Meditation one of the world’s most ancient practices has been around since 5,000 BCE according to Time magazine sourcing a study by psychology today. It is estimated that there are around 200-500 million people who practice meditation worldwide for different purposes. Some people use meditation to reduce stress and anxiety while other might use it to deal with health problems such as cancer or heart disease. In my experience meditation has been beneficial in reducing pain after a workout and increasing focus for the rest of my day. In this blog I will explain the many benefits of meditation that are backed by science.
Reduces cardiovascular risk
According to the Journal of American Heart Association studies on the effects of meditation many studies show that meditation improves psychological and psychosocial indices. There was also a study that meditation surprisingly had mortality reductions in the primary prevention of cvd which is cardiovascular disease. The reduction of blood pressure is an effect as well, but it varies in some people with some having high dropout rate with blood pressure and some groups not.
Helps improve sleep
Meditation has been linked with lowering insomnia and improving the overall quality of sleep. Several articles from Harvard health publishing and the American college of sports medicine have supported this by conducting experiments on different in and out groups. A study in the Harvard health publishing article conducted by JAMA internal Medicine included 49 middle aged and older adults who had trouble sleeping. Half of the group were put in a mindfulness awareness program which taught meditation and exercise. Both of the groups met six times and the mindfulness group had less insomnia, fatigue, and depression during the end of the study.
Improvement in fitness
Meditation is a good preparation method for working out. It makes your mind more focused and motivated with less brain fog affecting your exercise. Doing meditation is a good post workout tool as it is an excellent cool down tool which helps you relax and experience climax after your workout. These effects were found on the Aaptiv website which is a company dealing with fitness and training programs.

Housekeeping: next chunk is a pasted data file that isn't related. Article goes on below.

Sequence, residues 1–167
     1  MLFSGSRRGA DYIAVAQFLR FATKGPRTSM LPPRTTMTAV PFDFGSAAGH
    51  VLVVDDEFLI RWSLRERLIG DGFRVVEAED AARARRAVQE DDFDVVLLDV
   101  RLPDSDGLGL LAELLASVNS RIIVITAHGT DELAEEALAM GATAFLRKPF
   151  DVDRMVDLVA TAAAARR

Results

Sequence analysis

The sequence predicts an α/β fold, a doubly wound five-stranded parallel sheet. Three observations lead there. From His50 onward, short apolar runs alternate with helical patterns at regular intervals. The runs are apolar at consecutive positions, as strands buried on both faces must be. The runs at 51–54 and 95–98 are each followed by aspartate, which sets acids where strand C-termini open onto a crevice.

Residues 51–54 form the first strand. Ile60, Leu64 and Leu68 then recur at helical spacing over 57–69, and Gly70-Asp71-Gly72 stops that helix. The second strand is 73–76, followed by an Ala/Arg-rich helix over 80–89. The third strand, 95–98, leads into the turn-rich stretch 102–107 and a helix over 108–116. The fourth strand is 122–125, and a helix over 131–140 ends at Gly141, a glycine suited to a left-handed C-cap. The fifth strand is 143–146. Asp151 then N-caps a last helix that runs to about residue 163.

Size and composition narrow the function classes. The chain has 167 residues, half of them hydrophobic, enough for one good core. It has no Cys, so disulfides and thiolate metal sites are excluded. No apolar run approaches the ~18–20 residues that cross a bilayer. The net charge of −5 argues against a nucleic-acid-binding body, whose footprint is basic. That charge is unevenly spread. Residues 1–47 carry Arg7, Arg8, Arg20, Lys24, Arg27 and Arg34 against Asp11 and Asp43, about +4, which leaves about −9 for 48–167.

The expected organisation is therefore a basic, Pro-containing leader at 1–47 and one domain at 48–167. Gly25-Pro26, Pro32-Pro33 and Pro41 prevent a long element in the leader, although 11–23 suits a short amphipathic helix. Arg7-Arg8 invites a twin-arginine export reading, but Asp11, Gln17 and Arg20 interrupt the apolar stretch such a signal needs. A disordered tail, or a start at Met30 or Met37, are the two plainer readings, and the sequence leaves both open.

Rebuttals against meditation
I want to present an opposing view within this article and present a viewpoint that meditation may not have the benefits or could have potentially negative benefits on people. According to some studies meditation can give people some fear, depression, or even more stress from meditation. A study brought by the national health service of the U.K which questioned 60 people who practiced Buddhist meditation in which 82% experienced fear or paranoia. However, 32% of individuals had a history of psychiatric disorder which were still included in the final results of the study.
From the studies I have offered I do believe that meditation has a long range of benefits from sleep to fitness. I do think with all things though it should be done in moderation and could have negative effects from what I have seen probably due to how much meditating you do or how many hours a week. It is your choice how you want to see meditation.
Ross, A. (2016, March 09). Meditation History: Religious Practice to Mainstream Trend. Retrieved December 04, 2020, from https://time.com/4246928/meditation-history-buddhism/
- (2017, May 26). Does meditation carry a risk of harmful side effects? Retrieved December 04, 2020, from https://www.nhs.uk/news/lifestyle-and-exercise/does-meditation-carry-a-risk-of-harmful-side-effects/
Dellitt, J. (2019, July 02). Meditation Makes Exercise More Effective, Here’s How. Retrieved December 04, 2020, from https://aaptiv.com/magazine/meditation-and-exercise-effective
Allen, C. (2020, November 12). The Potential Health Benefits of Meditation : ACSM’s Health & Fitness Journal. Retrieved December 04, 2020, from https://journals.lww.com/acsm-healthfitness/Fulltext/2020/11000/The_Potential_Health_Benefits_of_Meditation.9.aspx?casa_token=wyBjY6kNMvMAAAAA%3ANHf5avM_TslaGxBPD8t-xdSRyIf8c0oA2NUPjrZJnCVTrBwrF7GGTVLHjqcmxOp9qct5llsUP8bU3NvI12PbmHVP-w
Levine, G., Glenn N. Levine Search for more papers by this author, Lange, R., Richard A. Lange Search for more papers by this author, Bairey‐Merz, C., C. Noel Bairey‐Merz Search for more papers by this author, . . . Search for more papers by this author. (2017, September 28). Meditation and Cardiovascular Risk Reduction. Retrieved December 04, 2020, from https://www.ahajournals.org/doi/full/10.1161/jaha.117.002218
Corliss, J. (2020, June 17). Mindfulness meditation helps fight insomnia, improves sleep. Retrieved December 04, 2020, from https://www.health.harvard.edu/blog/mindfulness-meditation-helps-fight-insomnia-improves-sleep-201502187726